Ever fancied building your own rollercoaster? Well Screamride is at least a third of the game you’ve been looking for.
The game is set in a strange near-future world where a company called Screamworks brings unsuspecting members of the public out to a strange isolated area to make them test outlandish rollercoasters.
That’s about all you get in terms of the story, with quirky cut scenes showing the NPC’s wandering around and often expiring in amusing ways. It’s all told in a pretty tongue in cheek fashion, with the same kind of stylised, all but mute characters you’ve seen in a fair few Microsoft-produced games by now, just with a slightly more deranged sense of humour than usual.
That leaves you with plenty of room to enjoy the game modes, of which there are three. The first is ScreamRider – which tasks you with taking charge of a coaster-carriage and using simple controls to boost it around a track in the lowest amount of time without derailments.
In Demolition Expert you’re given a cabin with muttering folks inside and you have to… throw them at other buildings with a giant catapult. You get points for skilful play and have to destroy certain things to progress.
Finally Engineer mode is all about building – you’ll be given a certain specification for your coaster and you have to use all the skills and pieces you’ve unlocked to date in order to get massive thrills out of your riders, typically without sending them to a painful death.
The ScreamRider section is easy to pick up and play but has fairly limited appeal. The controls are responsive enough but once you’ve tried a few races you’ve seen most of what the mode has to offer, unless you really enjoy watching your riders gurning after a bout.
Demolition Expert is a lot more fun, mostly because it’s quickly devolves into wanton destruction. Tossing cabins around always feels like an odd way to spend your time but the physics are glorious to behold, especially with a little slow motion and aftertouch to get the chaos just right.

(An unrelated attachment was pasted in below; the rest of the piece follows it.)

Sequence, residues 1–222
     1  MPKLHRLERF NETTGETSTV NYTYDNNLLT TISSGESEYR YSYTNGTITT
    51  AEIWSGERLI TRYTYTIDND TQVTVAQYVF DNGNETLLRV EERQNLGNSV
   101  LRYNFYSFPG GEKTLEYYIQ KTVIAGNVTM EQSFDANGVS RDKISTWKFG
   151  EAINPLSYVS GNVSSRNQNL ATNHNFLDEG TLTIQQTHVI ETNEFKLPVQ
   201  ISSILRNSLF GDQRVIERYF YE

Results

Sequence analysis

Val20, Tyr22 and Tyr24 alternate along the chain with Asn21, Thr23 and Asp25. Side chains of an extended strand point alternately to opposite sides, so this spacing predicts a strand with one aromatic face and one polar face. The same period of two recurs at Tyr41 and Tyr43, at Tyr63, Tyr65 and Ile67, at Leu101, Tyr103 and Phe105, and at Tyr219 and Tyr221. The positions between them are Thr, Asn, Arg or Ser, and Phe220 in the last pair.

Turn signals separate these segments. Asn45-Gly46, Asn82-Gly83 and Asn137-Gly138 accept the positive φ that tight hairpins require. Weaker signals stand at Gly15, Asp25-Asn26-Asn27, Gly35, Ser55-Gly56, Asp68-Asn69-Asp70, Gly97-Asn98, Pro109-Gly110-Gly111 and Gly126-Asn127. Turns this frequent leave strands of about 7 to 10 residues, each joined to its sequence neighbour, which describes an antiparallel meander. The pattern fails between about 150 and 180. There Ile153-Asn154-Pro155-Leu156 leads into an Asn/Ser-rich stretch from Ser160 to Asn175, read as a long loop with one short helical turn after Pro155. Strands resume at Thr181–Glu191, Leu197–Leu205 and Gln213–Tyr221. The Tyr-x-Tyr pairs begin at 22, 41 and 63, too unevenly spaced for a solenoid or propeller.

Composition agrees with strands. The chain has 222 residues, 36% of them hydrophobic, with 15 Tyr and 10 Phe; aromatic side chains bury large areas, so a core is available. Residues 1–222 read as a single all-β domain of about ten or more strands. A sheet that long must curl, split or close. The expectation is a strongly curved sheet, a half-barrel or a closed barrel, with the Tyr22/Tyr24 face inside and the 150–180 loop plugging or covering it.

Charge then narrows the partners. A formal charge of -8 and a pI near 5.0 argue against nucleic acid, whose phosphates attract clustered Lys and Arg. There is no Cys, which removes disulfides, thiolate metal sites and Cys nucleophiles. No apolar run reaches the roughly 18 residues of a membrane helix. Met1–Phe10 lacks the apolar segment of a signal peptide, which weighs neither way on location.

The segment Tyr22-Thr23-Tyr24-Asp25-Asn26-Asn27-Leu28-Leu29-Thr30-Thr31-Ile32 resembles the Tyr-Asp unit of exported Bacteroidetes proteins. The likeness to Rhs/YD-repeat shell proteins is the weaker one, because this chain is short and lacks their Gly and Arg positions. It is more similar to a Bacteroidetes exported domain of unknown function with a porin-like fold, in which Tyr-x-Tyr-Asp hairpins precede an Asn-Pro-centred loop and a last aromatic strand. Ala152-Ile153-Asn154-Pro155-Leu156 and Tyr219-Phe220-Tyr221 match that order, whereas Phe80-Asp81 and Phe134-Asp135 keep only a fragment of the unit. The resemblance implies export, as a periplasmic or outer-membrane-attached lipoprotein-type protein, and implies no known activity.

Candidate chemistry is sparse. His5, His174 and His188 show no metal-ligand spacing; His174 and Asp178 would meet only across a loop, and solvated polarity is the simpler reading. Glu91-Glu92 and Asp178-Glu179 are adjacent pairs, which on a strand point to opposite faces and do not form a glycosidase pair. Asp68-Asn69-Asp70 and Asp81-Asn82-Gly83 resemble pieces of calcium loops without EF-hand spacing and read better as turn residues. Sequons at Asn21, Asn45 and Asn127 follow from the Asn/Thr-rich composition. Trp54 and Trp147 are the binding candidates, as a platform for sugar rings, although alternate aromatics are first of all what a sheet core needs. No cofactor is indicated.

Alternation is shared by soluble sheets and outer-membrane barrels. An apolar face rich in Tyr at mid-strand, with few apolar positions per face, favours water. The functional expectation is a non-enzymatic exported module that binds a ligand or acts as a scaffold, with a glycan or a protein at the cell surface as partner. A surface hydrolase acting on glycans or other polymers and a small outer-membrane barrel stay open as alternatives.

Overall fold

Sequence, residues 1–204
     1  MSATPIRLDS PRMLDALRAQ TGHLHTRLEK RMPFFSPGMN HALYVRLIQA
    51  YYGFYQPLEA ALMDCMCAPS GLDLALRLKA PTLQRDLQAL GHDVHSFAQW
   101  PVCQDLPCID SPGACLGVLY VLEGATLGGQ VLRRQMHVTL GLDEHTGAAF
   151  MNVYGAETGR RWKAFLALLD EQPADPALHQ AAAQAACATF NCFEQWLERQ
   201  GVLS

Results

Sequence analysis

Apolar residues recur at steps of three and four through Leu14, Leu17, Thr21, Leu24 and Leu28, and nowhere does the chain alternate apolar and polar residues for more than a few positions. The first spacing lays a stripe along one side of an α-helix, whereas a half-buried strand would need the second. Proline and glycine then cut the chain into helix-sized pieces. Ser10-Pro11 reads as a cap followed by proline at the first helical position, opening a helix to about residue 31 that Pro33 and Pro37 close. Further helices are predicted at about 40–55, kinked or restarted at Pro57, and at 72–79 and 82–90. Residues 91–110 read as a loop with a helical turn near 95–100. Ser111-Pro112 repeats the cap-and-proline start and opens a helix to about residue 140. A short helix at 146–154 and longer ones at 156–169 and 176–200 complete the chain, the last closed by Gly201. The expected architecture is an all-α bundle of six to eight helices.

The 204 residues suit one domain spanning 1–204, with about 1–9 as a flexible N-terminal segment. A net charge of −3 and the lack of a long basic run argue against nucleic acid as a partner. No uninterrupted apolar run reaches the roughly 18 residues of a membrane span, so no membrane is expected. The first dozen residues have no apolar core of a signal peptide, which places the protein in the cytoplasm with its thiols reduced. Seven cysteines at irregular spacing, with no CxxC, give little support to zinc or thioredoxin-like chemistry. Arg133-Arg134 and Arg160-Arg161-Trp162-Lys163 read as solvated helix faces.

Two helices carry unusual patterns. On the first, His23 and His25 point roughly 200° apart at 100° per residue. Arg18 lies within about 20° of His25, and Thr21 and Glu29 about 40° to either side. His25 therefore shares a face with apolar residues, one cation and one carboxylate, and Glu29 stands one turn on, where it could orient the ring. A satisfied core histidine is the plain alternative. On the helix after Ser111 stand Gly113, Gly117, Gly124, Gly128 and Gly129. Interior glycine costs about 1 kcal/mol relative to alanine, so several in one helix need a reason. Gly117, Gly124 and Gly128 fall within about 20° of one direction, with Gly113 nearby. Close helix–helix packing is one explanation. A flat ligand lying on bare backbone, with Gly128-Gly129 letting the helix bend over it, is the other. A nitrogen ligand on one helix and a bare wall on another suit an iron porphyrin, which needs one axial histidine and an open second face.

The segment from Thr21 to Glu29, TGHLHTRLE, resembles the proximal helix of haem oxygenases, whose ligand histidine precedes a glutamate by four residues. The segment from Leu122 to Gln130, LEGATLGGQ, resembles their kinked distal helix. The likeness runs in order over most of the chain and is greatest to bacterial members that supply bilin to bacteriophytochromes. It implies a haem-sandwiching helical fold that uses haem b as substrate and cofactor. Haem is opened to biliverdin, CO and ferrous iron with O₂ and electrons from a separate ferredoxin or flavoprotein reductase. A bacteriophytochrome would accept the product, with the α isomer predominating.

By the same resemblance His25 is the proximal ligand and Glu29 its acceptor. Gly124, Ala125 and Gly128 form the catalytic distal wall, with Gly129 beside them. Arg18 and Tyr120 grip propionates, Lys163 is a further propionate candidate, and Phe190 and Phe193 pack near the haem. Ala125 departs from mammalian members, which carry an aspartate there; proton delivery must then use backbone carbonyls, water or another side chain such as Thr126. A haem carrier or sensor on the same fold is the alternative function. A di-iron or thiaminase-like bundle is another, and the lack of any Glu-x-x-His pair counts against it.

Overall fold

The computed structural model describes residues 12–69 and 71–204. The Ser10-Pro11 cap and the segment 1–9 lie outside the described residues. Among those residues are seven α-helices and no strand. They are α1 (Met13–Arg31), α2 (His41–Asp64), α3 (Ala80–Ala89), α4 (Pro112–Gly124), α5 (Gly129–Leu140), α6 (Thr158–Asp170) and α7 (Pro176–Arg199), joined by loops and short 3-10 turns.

There are plenty of different challenges to unlock as you progress, requiring expert control of your flight path and judicious use of the power ups and boosters available. Things do get more difficult fairly quickly, so it’s always nice to be able to fall back on just destroying things if you brain needs a break.
Then there’s Engineer, which is the most complex of the available modes. Your challenges are fairly simple at the start but soon you’ll be handed pretty advanced puzzles to solve and you’ll have to use some lateral thinking to get the coaster to do what you need.
You can also just load up a Sandbox mode which gives you free access to parts to create your ultimate rollercoaster, arguably the biggest selling point of the game for those who are design-inclined. And it does what you expect, with fairly accessible controls and access to a large toolset. You can even share your creations online for other players to check out and use in their game modes.
The main problem with Screamride is that these three parts never feel like a cohesive whole. In some ways the Demoltiion and Ride elements are more akin to mini-games; momentary distractions from the more serious play of the Engineer mode.
But these three distinct elements don’t really feel like they’ve been created to appeal to the same players – those who might want a destruction sim writ large aren’t likely to have the patience to spend serious time as an Engineer. And the Destruction mode alone isn’t enough to really sell the game.
The word I kept coming back to when playing Screamride was ‘limited’ both in its appeal and in its available options. This isn’t a shiny new successor to the Rollercoaster Tycoon brand (despite the pedigree of developers Frontier) nor is it a mere casual game, though the budget price might help when people are considering picking it up.
If you’re captivated by the idea of creating incredibly over the top rollercoasters and sending multitude of minions to their cheerful doom, then you’ll definitely have fun with Screamride and the demolition mode is an enjoyable distraction but I have to wonder how many people will still be playing and creating even six months from now.